The following is an interview with writer Emmett Nahil regarding the release of the graphic novel, Let Me Out, through Oni Press. In this interview, Fanbase Press Editor-in-Chief Barbra Dillon chats with Nahil about his shared creative process in working with artist George Williams to bring the story and characters to life, what he hopes may resonate with readers, and more!
Barbra Dillon, Fanbase Press Editor-in-Chief: Congratulations on the release of Let Me Out! For our readers who may be unfamiliar with the story, how would you describe its premise?
Emmett Nahil: Thank you so much! Let Me Out follows Mitch, an Arab-American trans guy who, along with his friends, falls into a government conspiracy to summon the Devil. Together, he and his friends end up scapegoated as the culprits of a terrible murder in the process. To escape the prosecution coming to bear down on them in their small town, they decide to summon Satan…for real this time.
BD: What can you tell us about your shared creative process in collaborating with artist George Williams to bring this world and characters to life on the page, while also encapsulating the look and feel of the late ‘70s?
EN: Collaborating with George was awesome pretty much start to finish, because he’s both an incredibly talented artist and designer. I made a post on Twitter pitching the concept and looking for an artist, and, luckily for me, he responded! We both did a lot of research on the subcultures that existed in that transitory period between the ’70s and ’80s, which was fascinating from a cultural and political perspective. I had some leanings and ideas, but a lot of the design was George just coming up with really cool elements to work into the characters and their environment.
BD: Given your past work in writing for various mediums, do you feel that your storytelling approach varies or that there is a different narrative “toolkit” when working with prose versus the sequential art medium?
EN: There definitely is a narrative toolkit you can bring across different mediums, but I really don’t like to lean on it too much. The key to working effectively in different mediums is to take your experience as a student very seriously: I truly don’t write games in the same way I write comics, and I don’t write comics the same way I write books. Each medium has different constraints and different histories to take into account. You don’t wanna take anything for granted.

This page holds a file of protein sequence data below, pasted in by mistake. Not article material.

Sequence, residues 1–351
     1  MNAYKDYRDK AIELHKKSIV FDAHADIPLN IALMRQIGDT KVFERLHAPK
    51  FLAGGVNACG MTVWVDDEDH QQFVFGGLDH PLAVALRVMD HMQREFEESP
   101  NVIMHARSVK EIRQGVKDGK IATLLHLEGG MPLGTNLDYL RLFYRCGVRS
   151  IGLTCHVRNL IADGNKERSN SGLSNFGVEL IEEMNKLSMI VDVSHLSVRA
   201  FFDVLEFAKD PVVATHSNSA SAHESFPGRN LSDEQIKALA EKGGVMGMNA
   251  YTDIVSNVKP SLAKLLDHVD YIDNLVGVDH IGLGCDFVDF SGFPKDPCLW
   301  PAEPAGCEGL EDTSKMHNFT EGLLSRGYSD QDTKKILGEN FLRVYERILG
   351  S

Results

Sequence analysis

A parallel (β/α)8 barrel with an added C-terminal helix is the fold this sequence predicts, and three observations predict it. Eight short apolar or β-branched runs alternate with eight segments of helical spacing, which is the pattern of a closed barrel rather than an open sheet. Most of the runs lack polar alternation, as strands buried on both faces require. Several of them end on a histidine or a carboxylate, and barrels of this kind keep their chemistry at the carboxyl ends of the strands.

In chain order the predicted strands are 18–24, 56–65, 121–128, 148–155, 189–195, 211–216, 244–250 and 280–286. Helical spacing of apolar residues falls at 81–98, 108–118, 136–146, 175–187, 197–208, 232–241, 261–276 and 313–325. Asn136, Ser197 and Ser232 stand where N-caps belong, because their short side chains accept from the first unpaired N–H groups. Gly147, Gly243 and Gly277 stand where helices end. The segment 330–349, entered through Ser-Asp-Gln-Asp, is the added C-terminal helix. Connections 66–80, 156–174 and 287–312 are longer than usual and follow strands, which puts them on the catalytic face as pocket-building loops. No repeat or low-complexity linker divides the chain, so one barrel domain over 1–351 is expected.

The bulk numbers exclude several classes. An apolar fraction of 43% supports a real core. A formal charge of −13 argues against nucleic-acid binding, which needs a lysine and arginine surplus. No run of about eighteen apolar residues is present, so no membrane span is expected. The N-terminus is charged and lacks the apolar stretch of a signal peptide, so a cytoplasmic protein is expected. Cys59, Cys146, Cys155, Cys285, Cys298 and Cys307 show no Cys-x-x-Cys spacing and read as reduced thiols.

BD: At Fanbase Press, our #StoriesMatter initiative endeavors to highlight the impact that stories can have on audiences of various mediums. How do you feel that Mitch Sahadi’s and his friends’ story may connect with and impact readers?
EN: I hope that Let Me Out as a story will help embolden readers to seek out more queer horror, and to expect more from their queer horror in general. We still have a long way to go in terms of dismantling some of the pervasive whiteness in the horror genre, especially in comics. I really do hope that it will push queer creators to dig into their own niche interests and write messy characters.
BD: What makes Oni Press the perfect home for this story?
EN: Oni Press really let us have a lot of creative freedom. We were pretty much left alone to make the story what we wanted to, and the design team did a wonderful job with the physical book itself.
BD: Are there any upcoming projects on which you are currently working that you would like to share with our readers?
EN: George and I are working on another collaboration this fall, which I can’t say too much about just yet. My debut prose novel, From The Belly, is a nautical horror book coming out from Tenebrous Press in Summer 2024, if you want to see more messy queer literature in your life.
BD: Lastly, what is the best way for our readers to find more information about Let Me Out?
EN: You can pre-order the comic via the Simon and Schuster website, which we’d much appreciate, of course. You can follow me pretty much everywhere under the username @_emnays, where I talk about comics and fun genre stuff all the time.